The lithium block in Jammu and Kashmir got less than three bids, which led to them being put up for auction in the third tranche.

Critical mineral auctions face set back, almost no takers for 7 blocks under hammer

Most of the first tranche of auction of seven critical mineral blocks had no takers. A second round is underway. These blocks will again be put up for the auctions in the fourth tranche after elections. Some rules have been tweaked, including putting in place clearances that were missing earlier and were proving to be a hindrance to the auction process, Hindu Businessline reported. The lithium block in Jammu and Kashmir got less than three bids, which led to them being put up for auction in the third tranche. The third tranche bidding ends in May and covers six other critical mineral blocks namely glauconite, graphite, nickel, platinum group of element (PGE), potash and titanium, apart from lithium. These blocks are located in the states of Bihar, Jharkhand, Tamil Nadu, UP and J&K.

The Centre initiated the auction of 38 critical & strategic minerals to date. The initial tranche included 20 blocks, while the subsequent tranche consisted of 18 blocks.

India in undersea race to mine world’s battery metal, applies for 2 more licenses 

The 29th session of International Seabed Authority (ISA) meeting took place in Jamaica, where governments gathered to decide the future of deep sea mining, amid growing public resistance, Campaigners said deep sea mining companies are pressing governments to agree on a mining code that would legitimise this destructive practice. India, which already has two deep-sea exploration licenses in the Indian Ocean, has applied for two more amid increasing competition between major global powers to secure critical minerals, reported BBC.

China, Russia and India seek to mine cobalt, nickel, copper, manganese, thousands of metres below the surface of oceans, to produce renewable energy such as solar and wind power, electric vehicles and battery technology needed to battle against climate change. The UN-affiliated International Seabed Authority (ISA) has issued 31 exploration licences so far, of which 30 are active. Its member countries are meeting in Jamaica this week to discuss regulations around giving out mining licences. If the ISA approves India’s new applications, its licence count will be equal to that of Russia and one less than China.

Around two dozen countries—including the UK, Germany, Brazil and Canada—are also demanding either a halt or a temporary pause on deep-sea mining, given what they say is a lack of information about the marine ecosystems in those depths.

COP28 President unveils shared vision of COP Presidencies Troika at Copenhagen Climate Ministerial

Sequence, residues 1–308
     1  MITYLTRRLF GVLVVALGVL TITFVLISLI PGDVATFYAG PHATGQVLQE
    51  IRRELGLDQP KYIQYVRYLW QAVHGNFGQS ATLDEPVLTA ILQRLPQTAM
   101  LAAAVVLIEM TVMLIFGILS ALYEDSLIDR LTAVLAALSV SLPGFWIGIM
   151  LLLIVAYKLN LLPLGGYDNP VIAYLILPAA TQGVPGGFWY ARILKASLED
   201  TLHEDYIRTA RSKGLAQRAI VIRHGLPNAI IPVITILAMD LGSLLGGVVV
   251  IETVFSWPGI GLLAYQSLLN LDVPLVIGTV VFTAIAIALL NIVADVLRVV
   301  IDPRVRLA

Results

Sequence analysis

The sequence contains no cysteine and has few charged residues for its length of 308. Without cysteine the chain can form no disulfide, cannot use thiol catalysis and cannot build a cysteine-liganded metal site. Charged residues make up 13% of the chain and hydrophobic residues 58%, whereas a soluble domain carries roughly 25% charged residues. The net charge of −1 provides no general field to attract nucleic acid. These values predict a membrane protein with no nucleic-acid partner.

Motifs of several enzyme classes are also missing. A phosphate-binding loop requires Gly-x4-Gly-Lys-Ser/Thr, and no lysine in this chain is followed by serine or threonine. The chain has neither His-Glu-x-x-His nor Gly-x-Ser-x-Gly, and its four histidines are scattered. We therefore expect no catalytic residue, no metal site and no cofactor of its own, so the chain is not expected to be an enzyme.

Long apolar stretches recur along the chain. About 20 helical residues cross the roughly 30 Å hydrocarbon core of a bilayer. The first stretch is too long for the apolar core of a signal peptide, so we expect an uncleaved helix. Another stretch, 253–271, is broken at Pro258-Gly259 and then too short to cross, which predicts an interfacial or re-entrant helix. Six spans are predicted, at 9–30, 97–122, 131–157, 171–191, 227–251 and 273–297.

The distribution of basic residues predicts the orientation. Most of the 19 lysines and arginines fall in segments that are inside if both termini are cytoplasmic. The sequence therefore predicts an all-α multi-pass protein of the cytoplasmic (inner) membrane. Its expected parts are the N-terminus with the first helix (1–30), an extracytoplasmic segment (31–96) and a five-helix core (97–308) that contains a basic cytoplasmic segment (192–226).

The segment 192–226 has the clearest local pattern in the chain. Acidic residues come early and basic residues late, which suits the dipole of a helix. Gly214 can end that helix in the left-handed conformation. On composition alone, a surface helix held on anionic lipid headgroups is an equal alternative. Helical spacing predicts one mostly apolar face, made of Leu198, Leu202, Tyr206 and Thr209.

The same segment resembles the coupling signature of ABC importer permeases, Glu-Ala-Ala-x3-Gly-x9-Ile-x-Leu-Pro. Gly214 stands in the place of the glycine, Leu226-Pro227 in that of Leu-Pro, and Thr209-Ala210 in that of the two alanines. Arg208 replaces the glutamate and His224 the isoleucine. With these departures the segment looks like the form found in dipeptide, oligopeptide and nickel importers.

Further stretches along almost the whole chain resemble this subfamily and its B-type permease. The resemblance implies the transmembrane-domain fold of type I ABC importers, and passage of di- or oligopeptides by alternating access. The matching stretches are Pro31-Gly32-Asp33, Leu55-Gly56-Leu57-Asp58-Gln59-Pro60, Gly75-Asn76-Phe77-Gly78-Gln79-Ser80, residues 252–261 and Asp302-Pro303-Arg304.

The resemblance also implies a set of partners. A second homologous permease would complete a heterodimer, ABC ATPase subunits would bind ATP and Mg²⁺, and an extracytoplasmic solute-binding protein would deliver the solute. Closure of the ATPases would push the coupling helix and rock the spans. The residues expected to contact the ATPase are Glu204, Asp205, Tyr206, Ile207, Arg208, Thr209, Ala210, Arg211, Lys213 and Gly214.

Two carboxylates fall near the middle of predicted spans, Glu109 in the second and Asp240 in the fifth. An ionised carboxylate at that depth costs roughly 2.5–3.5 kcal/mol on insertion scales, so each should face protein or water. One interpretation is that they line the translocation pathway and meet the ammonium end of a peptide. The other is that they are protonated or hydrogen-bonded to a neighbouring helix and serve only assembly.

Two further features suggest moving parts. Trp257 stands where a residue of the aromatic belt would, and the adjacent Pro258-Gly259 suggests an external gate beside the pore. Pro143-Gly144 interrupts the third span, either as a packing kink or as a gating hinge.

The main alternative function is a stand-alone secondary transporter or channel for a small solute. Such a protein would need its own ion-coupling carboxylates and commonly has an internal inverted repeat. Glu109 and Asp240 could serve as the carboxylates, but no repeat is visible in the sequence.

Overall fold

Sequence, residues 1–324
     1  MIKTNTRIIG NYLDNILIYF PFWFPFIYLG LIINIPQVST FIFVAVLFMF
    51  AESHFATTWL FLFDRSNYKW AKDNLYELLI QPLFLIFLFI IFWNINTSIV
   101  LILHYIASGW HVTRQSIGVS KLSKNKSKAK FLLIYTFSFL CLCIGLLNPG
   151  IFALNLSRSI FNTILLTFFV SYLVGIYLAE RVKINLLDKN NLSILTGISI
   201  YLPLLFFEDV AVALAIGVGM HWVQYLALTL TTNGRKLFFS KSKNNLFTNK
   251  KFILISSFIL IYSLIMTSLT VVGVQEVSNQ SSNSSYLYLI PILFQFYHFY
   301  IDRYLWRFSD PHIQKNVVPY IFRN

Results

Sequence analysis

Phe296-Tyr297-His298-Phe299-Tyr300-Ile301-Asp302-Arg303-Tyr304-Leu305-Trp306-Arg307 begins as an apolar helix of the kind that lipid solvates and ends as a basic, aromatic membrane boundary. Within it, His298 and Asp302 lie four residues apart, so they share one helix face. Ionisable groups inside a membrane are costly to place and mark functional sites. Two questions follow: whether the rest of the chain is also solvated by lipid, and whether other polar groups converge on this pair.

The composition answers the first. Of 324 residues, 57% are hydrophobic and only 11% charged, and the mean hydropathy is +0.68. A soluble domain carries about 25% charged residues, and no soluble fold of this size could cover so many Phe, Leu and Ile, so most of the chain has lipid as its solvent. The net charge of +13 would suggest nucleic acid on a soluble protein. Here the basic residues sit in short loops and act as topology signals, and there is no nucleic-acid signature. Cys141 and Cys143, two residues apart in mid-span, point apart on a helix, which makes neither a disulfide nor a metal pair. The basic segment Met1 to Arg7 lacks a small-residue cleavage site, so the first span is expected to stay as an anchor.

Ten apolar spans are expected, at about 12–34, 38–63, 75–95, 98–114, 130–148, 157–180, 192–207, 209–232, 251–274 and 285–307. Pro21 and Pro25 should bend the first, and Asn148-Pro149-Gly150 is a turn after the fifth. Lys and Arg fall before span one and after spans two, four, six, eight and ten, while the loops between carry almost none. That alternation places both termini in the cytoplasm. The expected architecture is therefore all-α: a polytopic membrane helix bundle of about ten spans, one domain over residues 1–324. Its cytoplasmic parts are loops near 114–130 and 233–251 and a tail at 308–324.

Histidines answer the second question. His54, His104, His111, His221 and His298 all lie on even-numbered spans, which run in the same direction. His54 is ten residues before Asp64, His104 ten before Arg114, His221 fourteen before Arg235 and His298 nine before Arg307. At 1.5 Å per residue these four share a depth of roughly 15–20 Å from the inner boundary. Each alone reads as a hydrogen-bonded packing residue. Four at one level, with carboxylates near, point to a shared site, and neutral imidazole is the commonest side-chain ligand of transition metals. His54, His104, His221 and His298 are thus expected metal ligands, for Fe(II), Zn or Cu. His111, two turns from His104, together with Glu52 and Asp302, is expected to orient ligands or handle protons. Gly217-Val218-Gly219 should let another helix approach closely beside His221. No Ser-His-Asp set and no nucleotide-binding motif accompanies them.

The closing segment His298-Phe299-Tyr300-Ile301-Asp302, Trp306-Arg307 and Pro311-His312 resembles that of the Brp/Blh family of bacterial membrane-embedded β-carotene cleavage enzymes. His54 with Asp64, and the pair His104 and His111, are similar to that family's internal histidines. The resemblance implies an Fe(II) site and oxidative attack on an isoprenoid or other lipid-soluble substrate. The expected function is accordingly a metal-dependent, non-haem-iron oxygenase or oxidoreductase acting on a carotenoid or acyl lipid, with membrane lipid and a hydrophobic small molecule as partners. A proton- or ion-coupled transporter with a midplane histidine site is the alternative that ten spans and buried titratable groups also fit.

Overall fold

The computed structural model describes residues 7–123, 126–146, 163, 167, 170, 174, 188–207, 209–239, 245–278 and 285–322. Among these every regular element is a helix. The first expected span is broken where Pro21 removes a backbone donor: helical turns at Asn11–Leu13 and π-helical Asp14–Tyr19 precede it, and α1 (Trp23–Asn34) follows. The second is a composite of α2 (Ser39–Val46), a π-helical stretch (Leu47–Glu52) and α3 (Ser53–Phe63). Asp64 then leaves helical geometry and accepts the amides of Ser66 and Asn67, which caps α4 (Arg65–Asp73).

The Copenhagen Climate Ministerial took place last month where COP28 president Sultan bin Ahmed Al Jaber released a shared vision of a first-of-its-kind COP Presidencies Troika. The Troika said the next round of Nationally Determined Contributions (NDCs) should be in line with keeping 1.5°C within reach. The Troika was agreed in the historic UAE Consensus and aims to enhance continuity between COP28, COP29 and COP30 and drive implementation of the UAE Consensus. 

“Parties must do the work now to ensure that their NDCs meet the urgency of the moment—and are submitted at least nine months before COP30,” Jaber said adding that NDCs should cover all greenhouse gases—including methane. He also said the countries should put policies in place to deliver emission reductions of 60% compared to 2019 levels, before 2035. Jaber called for attendees to “follow the science” and ensure energy transition pathways are “just, orderly and responsible”.

UN’s climate body faces “severe financial challenges” which put work at risk

UNFCCC chief Simon Stiell made an urgent plea for government donations to bridge the UN body’s funding gap. The UNFCCC is facing “severe financial challenges” as the ability to fulfil its expanding workload is being put at risk by governments’ failure to provide enough money.

Stiell made an urgent plea for more funding to over 40 ministers and negotiators gathered on Thursday in Helsingør, Denmark, for the first major climate summit of the year.  “We are attempting to meet an ever-growing mandate. Our job is to make your job easier. To carry out the tasks you have all agreed we should do, but we can only do this if we have the funding support.” Stiell said the organisation’s budget “is currently less than half funded”. 

EU nature restoration laws face collapse, member states withdraw support

The EU’s nature restoration laws, which were due to be rubber-stamped in a vote by member states, now “appear on the verge of collapse”, The Guardian reported. The laws “have been two years in the making and are designed to reverse decades of damage to wildlife on land and in waterways”. However, the vote was shelved after it “became apparent the legislation would not pass its final stage with the majority required”. The European environment commissioner warned that shelving the bill indefinitely would destroy the EU’s reputation globally given it had led the way at the COP15 biodiversity summit in Montreal in 2022.

The news portal said the setback is the biggest blow to the EU’s environmental agenda in recent months, as policymakers decide how to respond to farmers’ protests across the bloc. As the demonstrations continue—in advance of the June [European Parliament] elections—many green rules have been weakened.”

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